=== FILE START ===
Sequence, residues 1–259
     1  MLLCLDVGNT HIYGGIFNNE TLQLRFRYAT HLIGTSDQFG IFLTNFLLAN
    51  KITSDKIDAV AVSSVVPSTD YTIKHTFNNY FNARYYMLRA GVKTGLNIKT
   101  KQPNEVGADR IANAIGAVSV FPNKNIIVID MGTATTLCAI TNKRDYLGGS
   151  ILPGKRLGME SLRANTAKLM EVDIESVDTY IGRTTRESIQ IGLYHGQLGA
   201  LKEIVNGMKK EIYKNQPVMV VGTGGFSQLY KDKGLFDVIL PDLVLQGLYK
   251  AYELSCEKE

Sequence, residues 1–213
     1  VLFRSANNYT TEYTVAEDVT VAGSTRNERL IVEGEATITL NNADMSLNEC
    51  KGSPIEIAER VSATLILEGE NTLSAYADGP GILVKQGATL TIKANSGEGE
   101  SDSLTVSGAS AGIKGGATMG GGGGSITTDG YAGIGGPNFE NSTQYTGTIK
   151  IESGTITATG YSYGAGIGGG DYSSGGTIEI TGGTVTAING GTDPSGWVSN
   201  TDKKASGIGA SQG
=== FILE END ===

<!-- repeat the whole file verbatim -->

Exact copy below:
Sequence, residues 1–259
     1  MLLCLDVGNT HIYGGIFNNE TLQLRFRYAT HLIGTSDQFG IFLTNFLLAN
    51  KITSDKIDAV AVSSVVPSTD YTIKHTFNNY FNARYYMLRA GVKTGLNIKT
   101  KQPNEVGADR IANAIGAVSV FPNKNIIVID MGTATTLCAI TNKRDYLGGS
   151  ILPGKRLGME SLRANTAKLM EVDIESVDTY IGRTTRESIQ IGLYHGQLGA
   201  LKEIVNGMKK EIYKNQPVMV VGTGGFSQLY KDKGLFDVIL PDLVLQGLYK
   251  AYELSCEKE

Sequence, residues 1–213
     1  VLFRSANNYT TEYTVAEDVT VAGSTRNERL IVEGEATITL NNADMSLNEC
    51  KGSPIEIAER VSATLILEGE NTLSAYADGP GILVKQGATL TIKANSGEGE
   101  SDSLTVSGAS AGIKGGATMG GGGGSITTDG YAGIGGPNFE NSTQYTGTIK
   151  IESGTITATG YSYGAGIGGG DYSSGGTIEI TGGTVTAING GTDPSGWVSN
   201  TDKKASGIGA SQG